Funny that.

What I didn’t know at the time – although I lived it every minute of my life – was that I wanted a rescuer. I wanted someone to come in and sweep me up in a romantic embrace, promise to never abandon me, and save me from my past. I wanted to be rescued from my life so badly that to someone abusive I must have looked like a neon sign.

And when my rescuers came I couldn’t see anything other than the ‘good’ that they presented at first. I ignored warnings from friends. My father knew – but he didn’t say anything – that’s a different story. These men became my rescuers – my romantic partner, my tormentor, my abuser.

I couldn’t reconcile the two realities. I was primed to believe that something was wrong with me. I believed that somehow I earned the disdain, the silence, the taunts, the threats. After all explosive violence was the legacy of my family – so, at least there wasn’t that.

Somewhere along the way that protective cocoon that he formed around me started to smother. I was isolated. Our finances were combined, we lived together. How could I leave? I couldn’t hurt him. He didn’t mean to hurt me.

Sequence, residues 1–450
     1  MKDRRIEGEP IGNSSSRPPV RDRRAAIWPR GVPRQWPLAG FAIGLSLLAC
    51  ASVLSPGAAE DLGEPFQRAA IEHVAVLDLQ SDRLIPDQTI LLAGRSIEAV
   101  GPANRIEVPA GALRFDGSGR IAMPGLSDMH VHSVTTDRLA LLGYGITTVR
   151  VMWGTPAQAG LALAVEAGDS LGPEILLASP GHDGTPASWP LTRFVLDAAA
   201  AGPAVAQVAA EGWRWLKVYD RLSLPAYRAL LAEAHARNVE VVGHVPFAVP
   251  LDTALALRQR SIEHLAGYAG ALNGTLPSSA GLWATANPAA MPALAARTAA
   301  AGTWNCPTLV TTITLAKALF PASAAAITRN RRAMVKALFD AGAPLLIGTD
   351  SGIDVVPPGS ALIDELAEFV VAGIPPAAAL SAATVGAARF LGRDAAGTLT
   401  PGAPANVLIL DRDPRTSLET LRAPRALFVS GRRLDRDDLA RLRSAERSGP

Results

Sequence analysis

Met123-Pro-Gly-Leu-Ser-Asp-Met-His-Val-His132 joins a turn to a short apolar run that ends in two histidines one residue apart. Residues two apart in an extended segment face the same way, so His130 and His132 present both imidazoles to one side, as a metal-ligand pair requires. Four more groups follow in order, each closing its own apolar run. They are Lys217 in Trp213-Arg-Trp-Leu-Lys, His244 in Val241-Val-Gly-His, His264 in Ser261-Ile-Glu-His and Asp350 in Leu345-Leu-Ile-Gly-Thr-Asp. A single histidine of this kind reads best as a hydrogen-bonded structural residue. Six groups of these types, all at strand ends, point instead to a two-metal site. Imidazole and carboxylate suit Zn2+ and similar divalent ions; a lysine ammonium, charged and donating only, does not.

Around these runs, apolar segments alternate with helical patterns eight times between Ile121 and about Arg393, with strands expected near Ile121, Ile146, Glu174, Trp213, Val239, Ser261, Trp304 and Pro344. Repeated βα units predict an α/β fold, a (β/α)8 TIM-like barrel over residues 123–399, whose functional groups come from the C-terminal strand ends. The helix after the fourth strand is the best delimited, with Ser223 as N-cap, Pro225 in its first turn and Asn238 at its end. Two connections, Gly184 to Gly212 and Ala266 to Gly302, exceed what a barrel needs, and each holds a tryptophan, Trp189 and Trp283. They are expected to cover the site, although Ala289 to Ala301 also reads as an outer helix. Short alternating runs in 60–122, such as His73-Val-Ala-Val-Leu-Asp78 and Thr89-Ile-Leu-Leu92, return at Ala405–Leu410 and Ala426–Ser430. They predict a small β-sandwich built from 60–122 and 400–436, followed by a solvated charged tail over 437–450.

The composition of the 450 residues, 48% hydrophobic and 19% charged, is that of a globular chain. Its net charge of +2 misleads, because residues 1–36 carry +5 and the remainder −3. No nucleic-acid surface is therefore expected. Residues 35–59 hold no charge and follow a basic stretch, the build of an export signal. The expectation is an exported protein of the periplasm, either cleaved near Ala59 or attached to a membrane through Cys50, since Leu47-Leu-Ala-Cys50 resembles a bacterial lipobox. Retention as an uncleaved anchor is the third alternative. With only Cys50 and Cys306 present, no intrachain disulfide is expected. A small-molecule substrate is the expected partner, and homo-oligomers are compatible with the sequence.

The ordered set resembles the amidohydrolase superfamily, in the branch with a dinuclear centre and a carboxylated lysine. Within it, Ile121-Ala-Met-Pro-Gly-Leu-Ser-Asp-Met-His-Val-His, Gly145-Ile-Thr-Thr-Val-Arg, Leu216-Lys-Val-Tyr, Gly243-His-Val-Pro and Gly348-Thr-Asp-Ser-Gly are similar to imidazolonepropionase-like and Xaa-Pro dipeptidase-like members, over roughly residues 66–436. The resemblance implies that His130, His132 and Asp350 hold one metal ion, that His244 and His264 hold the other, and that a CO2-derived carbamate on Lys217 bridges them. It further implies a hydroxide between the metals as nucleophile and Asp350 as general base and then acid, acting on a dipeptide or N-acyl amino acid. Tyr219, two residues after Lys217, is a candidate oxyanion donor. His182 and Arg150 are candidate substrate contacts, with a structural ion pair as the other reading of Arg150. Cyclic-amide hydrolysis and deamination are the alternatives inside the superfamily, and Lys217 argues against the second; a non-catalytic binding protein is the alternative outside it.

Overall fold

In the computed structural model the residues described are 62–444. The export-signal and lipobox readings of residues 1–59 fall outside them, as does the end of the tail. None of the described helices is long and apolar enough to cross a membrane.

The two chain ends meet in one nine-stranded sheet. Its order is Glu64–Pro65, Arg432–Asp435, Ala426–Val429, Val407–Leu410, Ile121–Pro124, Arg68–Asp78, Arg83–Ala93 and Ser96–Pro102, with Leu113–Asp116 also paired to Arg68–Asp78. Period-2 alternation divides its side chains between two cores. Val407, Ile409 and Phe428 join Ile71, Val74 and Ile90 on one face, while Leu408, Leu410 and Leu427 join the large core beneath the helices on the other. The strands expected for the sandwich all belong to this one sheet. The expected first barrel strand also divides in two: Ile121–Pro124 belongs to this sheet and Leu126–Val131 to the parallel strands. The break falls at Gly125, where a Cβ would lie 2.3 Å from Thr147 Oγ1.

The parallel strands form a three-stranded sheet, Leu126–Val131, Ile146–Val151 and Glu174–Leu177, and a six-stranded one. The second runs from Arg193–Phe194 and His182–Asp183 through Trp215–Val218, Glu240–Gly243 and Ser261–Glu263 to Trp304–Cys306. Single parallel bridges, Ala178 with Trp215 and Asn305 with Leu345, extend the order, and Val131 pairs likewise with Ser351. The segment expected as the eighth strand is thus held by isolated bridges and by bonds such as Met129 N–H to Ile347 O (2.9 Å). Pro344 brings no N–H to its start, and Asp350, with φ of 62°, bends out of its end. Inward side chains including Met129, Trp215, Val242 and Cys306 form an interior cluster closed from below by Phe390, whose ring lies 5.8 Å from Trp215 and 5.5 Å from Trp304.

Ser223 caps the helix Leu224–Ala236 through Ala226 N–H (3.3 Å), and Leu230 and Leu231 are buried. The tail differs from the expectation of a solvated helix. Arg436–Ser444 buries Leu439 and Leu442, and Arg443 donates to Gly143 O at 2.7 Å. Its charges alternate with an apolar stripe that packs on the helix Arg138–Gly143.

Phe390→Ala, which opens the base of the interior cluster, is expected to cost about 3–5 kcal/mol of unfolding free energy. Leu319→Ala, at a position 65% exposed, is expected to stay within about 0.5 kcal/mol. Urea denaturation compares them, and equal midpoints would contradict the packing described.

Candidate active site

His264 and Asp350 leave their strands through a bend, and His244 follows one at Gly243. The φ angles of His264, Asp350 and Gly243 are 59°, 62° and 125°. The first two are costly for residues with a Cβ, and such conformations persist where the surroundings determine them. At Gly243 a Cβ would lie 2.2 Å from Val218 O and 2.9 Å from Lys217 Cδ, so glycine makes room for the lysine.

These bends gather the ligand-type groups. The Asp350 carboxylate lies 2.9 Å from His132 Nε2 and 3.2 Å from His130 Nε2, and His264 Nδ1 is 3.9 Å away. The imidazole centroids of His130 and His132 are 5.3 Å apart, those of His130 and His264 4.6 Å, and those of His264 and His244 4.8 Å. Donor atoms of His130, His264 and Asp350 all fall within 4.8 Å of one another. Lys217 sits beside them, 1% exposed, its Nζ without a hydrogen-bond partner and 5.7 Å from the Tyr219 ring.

Somewhere in those years, I began to understand why women (or men) don’t ‘just leave’ an abusive relationship. There are lives – jobs, obligations, a thousand little ties that connect you to where you are physically, mentally, and emotionally.

If you sever one thread there are still the other thousand to draw you back again and again.

And make no mistake those who would abuse another become skilled in playing their victim like an instrument. They are able to draw out any emotion they wish. To them, you are part toy, part safety blanket, part mirror, part captive audience.

My abuser had a distinct pattern that he moved his victims through. I stuck around long enough that not only did I get to see all the roles he shoved his partners into, I played those roles myself. When I saw the entire tableau, I helped the women he was grooming to leave before they were caught in the pernicious cycle. And they, in turn, helped me to leave.